To this day, The Joy of Cooking is considered a culinary bible by many. Need a recipe for beef stew? Flip to page 479. Cheesecake? The book has seven different versions. Chocolate pudding? Eggplant parmigiana? Buttermilk biscuits? Tips on stocking and storing food in the pantry? You’ll find it all there. Joy has all the recipes you need (and didn’t know you’d need), from the building blocks (basics such as omelettes or mayonnaise) to the more elaborate (If you look hard enough you’ll find a recipe for braised bear). It might not have the best, most creative, most innovative recipes out there. But it’s extensive, comprehensive, and—like a true friend in the kitchen—reliable, allowing you to whip up just about any dish at moment’s notice.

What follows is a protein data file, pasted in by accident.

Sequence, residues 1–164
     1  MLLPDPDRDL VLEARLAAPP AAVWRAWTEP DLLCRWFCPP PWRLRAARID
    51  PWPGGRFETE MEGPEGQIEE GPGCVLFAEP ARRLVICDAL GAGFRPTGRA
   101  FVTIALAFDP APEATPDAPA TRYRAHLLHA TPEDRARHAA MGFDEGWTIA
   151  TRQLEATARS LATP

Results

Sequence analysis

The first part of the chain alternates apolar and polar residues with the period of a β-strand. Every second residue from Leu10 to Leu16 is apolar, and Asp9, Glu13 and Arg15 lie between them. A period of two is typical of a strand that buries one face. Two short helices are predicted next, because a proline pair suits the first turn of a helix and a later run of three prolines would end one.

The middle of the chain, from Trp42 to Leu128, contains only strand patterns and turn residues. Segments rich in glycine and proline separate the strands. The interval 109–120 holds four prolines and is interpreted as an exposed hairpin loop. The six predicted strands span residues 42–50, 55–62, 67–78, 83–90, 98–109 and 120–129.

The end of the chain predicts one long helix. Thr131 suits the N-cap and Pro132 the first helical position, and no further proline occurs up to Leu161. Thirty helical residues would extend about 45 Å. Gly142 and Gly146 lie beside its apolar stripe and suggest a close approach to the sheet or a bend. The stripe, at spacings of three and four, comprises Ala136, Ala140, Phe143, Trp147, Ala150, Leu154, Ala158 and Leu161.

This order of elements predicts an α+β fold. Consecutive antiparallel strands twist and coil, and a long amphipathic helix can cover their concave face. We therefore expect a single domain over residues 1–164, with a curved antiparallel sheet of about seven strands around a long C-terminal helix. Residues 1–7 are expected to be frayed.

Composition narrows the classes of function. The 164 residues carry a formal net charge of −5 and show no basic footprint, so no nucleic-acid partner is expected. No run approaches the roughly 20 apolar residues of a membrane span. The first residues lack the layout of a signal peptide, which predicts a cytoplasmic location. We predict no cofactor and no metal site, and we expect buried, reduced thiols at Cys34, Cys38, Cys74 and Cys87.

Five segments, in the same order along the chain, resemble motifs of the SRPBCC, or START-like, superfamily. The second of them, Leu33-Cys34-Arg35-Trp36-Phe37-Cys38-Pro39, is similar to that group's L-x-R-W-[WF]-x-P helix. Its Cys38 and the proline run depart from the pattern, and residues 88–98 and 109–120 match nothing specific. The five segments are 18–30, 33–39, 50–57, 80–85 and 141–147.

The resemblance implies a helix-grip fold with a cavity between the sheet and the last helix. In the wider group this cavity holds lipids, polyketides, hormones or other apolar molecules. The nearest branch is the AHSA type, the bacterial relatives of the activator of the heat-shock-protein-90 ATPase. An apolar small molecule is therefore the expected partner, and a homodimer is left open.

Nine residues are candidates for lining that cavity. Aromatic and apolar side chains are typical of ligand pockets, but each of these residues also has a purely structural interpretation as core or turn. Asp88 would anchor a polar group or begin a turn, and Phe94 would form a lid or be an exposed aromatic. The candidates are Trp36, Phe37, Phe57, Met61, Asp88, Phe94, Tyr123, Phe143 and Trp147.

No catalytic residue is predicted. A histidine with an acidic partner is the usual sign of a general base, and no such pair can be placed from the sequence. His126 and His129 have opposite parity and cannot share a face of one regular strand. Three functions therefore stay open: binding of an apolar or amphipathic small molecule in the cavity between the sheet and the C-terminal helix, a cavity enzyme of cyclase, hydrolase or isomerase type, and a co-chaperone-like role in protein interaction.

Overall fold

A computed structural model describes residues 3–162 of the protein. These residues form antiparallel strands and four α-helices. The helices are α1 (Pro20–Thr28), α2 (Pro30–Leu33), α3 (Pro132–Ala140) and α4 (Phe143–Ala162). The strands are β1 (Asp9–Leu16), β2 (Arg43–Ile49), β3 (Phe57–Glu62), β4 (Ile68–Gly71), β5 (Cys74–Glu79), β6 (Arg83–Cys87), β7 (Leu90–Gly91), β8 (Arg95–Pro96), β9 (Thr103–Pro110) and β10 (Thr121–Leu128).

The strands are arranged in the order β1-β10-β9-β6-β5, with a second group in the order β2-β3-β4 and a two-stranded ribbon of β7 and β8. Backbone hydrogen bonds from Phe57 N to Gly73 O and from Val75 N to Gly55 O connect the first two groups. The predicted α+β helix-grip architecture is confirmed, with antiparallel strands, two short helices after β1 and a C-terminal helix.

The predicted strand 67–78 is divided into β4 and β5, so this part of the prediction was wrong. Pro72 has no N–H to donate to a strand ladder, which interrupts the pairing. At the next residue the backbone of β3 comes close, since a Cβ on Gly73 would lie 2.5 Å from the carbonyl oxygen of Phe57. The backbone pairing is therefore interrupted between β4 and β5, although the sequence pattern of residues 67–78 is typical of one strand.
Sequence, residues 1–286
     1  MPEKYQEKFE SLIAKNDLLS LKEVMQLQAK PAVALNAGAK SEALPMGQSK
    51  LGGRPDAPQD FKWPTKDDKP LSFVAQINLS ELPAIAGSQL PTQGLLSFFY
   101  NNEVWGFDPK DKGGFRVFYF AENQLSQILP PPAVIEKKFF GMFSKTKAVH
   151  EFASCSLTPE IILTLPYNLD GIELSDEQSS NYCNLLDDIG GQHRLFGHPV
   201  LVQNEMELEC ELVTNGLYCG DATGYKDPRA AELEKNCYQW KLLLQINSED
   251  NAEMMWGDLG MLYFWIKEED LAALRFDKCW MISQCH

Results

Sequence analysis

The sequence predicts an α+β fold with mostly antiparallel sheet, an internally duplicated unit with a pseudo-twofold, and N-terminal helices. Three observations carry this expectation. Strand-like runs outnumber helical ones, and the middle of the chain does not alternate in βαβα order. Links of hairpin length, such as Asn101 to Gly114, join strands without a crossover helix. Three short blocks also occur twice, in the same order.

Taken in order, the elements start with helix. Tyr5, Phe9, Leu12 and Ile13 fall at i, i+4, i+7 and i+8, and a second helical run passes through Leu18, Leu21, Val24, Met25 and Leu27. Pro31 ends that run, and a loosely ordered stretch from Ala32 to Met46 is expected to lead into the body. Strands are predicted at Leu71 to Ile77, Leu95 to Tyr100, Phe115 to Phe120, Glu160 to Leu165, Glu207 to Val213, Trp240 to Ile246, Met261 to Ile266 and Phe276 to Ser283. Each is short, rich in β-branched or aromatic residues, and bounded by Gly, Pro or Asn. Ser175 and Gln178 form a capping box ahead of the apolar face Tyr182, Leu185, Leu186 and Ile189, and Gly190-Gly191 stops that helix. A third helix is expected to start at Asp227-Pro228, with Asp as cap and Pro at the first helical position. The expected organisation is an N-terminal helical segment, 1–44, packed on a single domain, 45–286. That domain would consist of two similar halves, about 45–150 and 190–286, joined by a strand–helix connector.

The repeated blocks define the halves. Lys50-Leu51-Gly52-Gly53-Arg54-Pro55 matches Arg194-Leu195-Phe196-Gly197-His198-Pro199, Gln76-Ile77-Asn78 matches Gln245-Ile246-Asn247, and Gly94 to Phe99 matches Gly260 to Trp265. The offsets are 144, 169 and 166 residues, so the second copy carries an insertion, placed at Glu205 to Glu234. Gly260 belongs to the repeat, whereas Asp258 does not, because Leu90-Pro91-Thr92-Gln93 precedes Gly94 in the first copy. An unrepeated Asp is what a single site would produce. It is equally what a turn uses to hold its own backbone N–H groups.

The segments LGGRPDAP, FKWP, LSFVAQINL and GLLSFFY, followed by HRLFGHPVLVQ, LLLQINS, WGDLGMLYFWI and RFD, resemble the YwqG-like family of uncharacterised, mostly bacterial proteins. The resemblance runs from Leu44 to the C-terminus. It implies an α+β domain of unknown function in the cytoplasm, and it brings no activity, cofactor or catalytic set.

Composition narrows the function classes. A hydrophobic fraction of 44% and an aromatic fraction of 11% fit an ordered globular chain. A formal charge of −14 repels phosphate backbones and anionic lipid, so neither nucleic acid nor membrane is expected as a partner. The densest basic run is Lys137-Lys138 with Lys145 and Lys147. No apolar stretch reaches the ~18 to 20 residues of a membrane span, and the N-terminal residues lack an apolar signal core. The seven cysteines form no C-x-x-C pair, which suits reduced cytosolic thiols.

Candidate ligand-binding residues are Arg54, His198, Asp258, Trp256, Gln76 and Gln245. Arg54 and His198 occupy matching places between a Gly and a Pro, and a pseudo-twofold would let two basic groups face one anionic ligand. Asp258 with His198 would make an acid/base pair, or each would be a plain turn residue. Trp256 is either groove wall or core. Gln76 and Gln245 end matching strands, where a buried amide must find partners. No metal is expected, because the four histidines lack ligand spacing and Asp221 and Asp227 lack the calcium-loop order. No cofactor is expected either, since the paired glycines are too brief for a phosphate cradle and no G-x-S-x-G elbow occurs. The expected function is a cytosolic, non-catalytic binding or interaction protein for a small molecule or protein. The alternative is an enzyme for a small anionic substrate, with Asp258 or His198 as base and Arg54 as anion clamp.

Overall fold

It was difficult to pick just one recipe in a sea of reliable classics, but I eventually settled on one of its more unusual entries: Joy’s take on Cincinnati-style chili, a specialty of the eponymous city in Ohio originally created by Macedonian immigrant Tom Kiradjieff in 1922. We chose it for its mix of flavors: beyond the standard beef and tomatoes, you get the warmth of spices like cinnamon and cloves, and the depth of chocolate that lingers in the background. You can take it plain (a.k.a. “one-way”) if you prefer, but for the full, authentic Cincinnati experience, we say go by the following serving suggestions: pile the mix on top of spaghetti noodles to have it “two-way”; top it off with shredded cheddar cheese for “three-way”; add chopped onions for “four-way”; and—to really take it to the highest level—add a smattering of red kidney beans to have it “five-way”. While the dish is far from hip or elegant (what with its kitschy, deliberately over-the-top character), a forkful of its complex but comforting flavors will convince you to keep this in your repertoire.